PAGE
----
Lin Yatin (林亞婷)

Cloud Gate 2 in Cheng Tsung-lung's 'Dorian Gray'.  Dancers (l-r) Yang Ling-kai, Chan Hing-chung, Luo Sih-wei, Hsu Chih-hen, and Su I-chieh (below). Photo © Liu Chen-hsiang

Cloud Gate 2 in Cheng Tsung-lung’s ‘Dorian Gray’.
Dancers (l-r) Yang Ling-kai, Chan Hing-chung, Luo Sih-wei, Hsu Chih-hen, and Su I-chieh (below).
Photo © Liu Chen-hsiang

Adapting works by famous, and often favorite, authors is a tricky business at the best of times. Oscar Wilde’s “The Picture of Dorian Gray” has been described as ‘overwritten’, making the usual questions even more difficult. What to include? How true to the original should one be? What to leave out? One reason, perhaps, why pure dance versions are few and far between, with Matthew Bourne’s black tale for New Adventures maybe being the best known. The latest choreographer to take on the gothic novel is Cloud Gate 2 Artistic Director, Cheng Tsung-lung.

Cheng Tsung-lung (鄭宗龍) was born and bred in Taiwan. As such, it’s perhaps no surprise that his 40-minute, seven-dancer adaptation of Wilde’s 1890 novel includes not only his own interpretation, but also cultural transplantation.

Starting with loud trumpet-like Chinese so-na wind instruments from traditional beiguan (北管, literally translated as ‘northern-wind’) music which is often associated with Taiwanese opera, “Dorian Gray” (杜連魁) begins by introducing each main character. This prologue takes place using the narrow horizontal strip of white floor closest to the audience, as a black curtain lowered more than half-way serves as a temporary wall.

A female dancer (Yang Ling-kai, 楊淩凱) rolls out from the wings, dressed in a highly contrasting bright green and red dress. She continuously hops in place. A male dancer (Wang Yeu-kwn, 王宇光) dressed in black soon appears, with a finger lifted, as if making a statement. A tall and slender female dancer (Su I-chieh, 蘇怡潔) joins in, with her hands constantly shaking in a somewhat panic mood. A male trio, standing by at the upper corner with a bright red traditional wooden bench, begins to gallop and hop to the percussive music. The movement of the two almost identically dressed men (with slight color variations) on both sides of the trio can be associated with local puppet figures – joints held by strings while the lower arms are left dangling. Suddenly, as they sit on the bench, a female dancer (Lin I-hsuan, 林宜萱), her long hair covering her face, crawls in from under the black curtain and the bench. The red light from behind the curtain matches the contrasting color scheme of the red lining inside the dark robe of this ghostly figure.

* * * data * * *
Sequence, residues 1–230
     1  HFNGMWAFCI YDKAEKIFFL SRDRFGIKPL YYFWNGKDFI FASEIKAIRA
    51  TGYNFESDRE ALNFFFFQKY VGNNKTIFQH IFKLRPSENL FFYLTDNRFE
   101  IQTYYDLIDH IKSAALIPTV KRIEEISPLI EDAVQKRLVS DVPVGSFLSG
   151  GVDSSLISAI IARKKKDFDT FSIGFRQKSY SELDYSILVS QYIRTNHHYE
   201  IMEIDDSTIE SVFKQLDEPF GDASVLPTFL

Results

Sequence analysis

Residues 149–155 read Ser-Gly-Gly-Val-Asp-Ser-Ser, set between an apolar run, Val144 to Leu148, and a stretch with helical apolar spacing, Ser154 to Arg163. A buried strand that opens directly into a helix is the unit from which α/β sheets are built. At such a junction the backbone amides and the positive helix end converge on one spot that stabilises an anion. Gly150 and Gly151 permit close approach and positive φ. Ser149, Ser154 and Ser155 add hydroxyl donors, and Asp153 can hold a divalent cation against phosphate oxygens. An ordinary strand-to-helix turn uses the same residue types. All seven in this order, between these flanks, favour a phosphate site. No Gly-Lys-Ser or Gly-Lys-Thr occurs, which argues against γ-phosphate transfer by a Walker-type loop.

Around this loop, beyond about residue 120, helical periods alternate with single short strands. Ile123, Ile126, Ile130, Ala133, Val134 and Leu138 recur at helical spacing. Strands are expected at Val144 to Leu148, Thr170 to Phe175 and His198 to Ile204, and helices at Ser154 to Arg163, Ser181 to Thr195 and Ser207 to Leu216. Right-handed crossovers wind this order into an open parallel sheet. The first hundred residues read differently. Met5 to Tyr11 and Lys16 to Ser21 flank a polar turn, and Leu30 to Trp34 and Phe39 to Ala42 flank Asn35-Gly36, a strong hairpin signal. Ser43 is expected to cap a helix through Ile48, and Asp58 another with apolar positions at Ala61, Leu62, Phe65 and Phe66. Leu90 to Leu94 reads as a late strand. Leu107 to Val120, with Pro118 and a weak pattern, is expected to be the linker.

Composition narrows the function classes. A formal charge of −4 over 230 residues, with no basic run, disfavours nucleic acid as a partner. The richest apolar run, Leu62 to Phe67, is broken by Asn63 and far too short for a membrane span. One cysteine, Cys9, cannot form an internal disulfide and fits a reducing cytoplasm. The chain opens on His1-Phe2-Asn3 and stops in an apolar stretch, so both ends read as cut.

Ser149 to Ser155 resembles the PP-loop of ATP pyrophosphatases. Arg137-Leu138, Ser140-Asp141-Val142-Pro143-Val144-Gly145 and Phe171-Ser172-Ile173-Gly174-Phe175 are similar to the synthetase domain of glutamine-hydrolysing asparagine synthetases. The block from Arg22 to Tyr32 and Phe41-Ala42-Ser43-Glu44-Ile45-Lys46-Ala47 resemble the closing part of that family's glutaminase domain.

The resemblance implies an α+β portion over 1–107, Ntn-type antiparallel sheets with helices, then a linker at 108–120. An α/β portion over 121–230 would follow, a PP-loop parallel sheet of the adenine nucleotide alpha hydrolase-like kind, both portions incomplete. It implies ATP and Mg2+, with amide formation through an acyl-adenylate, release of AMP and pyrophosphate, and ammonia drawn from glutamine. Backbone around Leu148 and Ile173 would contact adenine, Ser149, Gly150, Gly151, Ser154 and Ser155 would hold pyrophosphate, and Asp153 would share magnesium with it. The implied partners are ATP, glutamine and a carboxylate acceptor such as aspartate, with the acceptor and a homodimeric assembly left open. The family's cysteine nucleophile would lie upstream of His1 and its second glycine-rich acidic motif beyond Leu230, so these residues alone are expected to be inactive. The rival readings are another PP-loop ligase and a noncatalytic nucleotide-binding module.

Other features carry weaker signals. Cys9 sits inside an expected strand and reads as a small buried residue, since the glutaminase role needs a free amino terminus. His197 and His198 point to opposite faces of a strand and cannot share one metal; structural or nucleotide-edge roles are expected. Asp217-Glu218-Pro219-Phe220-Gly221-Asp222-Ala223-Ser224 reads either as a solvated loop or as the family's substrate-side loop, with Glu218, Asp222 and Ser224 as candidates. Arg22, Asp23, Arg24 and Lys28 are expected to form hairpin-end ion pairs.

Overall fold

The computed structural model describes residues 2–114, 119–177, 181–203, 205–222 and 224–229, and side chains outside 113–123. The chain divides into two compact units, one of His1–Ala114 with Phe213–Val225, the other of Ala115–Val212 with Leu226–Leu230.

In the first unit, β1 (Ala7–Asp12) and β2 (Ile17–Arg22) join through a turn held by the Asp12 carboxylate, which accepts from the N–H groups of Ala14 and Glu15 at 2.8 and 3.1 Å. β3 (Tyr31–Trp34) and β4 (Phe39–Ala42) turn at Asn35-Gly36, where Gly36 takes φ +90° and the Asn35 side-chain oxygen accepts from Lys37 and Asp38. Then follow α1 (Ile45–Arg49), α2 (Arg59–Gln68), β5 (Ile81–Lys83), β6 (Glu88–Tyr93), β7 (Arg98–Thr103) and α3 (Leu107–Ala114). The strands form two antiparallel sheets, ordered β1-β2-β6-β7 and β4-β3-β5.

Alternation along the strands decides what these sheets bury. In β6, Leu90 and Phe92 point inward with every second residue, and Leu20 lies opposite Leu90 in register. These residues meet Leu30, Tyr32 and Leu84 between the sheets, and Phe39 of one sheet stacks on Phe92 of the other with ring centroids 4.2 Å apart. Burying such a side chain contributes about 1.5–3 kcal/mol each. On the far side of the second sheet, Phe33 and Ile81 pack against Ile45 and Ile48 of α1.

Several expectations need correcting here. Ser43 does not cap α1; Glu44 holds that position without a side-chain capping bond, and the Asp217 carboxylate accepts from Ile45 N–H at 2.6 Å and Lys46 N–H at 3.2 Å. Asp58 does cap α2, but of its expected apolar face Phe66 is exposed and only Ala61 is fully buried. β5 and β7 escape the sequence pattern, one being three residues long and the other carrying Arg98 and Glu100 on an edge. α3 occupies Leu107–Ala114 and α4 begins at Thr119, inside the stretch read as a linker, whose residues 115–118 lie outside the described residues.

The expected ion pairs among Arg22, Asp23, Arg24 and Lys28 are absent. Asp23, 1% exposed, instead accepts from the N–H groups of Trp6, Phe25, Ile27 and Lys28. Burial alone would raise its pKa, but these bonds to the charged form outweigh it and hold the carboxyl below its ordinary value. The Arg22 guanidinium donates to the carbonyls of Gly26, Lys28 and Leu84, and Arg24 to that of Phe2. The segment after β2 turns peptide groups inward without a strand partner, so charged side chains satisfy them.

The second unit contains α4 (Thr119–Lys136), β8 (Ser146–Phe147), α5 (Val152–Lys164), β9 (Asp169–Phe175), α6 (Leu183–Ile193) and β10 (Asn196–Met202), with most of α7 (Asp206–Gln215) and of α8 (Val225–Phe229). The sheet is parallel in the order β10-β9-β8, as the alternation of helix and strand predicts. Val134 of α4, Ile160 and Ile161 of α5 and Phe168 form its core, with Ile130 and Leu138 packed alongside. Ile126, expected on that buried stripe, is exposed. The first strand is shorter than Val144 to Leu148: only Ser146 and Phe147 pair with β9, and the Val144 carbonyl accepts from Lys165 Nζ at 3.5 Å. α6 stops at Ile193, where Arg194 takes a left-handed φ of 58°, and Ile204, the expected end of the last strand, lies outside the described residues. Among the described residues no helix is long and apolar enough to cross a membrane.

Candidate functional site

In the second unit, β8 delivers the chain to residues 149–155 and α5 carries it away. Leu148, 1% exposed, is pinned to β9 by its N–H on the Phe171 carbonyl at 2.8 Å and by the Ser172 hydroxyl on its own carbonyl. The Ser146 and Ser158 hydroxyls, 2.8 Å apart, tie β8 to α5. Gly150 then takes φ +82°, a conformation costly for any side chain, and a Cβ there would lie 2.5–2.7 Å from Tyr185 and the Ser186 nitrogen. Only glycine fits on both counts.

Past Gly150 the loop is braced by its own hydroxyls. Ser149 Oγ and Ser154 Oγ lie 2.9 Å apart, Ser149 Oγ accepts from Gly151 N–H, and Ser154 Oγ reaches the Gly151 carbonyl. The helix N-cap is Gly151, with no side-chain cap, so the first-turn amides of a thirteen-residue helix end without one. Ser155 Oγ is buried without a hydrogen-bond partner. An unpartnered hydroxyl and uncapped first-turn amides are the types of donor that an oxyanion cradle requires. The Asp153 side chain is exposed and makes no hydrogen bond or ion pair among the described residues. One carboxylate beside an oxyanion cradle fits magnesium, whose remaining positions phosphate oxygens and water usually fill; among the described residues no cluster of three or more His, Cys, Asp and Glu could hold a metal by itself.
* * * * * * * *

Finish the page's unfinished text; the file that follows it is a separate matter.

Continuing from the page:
Next, the male dancer in the center of the trio (Luo Sih-wei, 駱思維) begins a duet with Lin, holding onto her hands, as if manipulating a life-size puppet. Others hold their poses at this time, letting the audience focus on this main protagonist – the handsome Dorian Gray and his ‘picture’ (interpreted by the female ‘ghost’).

As this beiguan music – referred in traditional Taiwanese opera as banxian (扮仙, ‘portraying the gods’), which functions as an initial opening of the performance – comes to an end, all dancers get up from where they were positioned and walk over to the upper left corner of the stage, ready for the next section, as a narrator’s voice (J. Patrick) recites the first few sections from Wilde’s novel, including the artist Basil saying: “I really can’t exhibit it. I have put too much of myself into it.”

Luo Sih-wei as Dorian Gray.  Photo © Liu Chen Hsiang

Luo Sih-wei as Dorian Gray.
Photo © Liu Chen Hsiang

Interestingly, the movement vocabulary and quality also switches abruptly here to a more fluid and flowing ensemble phrase, as the group of three men and three women slither and slide their torsos and limbs freely through space. Luo, who by now can be clearly identified as the male protagonist Dorian Gray, takes off his shirt to reveal a well-chiseled torso, in preparation to perform his solo – the climax of the piece.

An alumnus of the Dance College of Taipei National University of the Arts (國立薹北藝術大學), Luo’s talent as a performer and choreographer has been acknowledged through various scholarships and awards both at home and abroad. His unique background combining hip hop, Chinese operatic movements, ballet and contemporary dance provides a rich foundation for him to draw upon.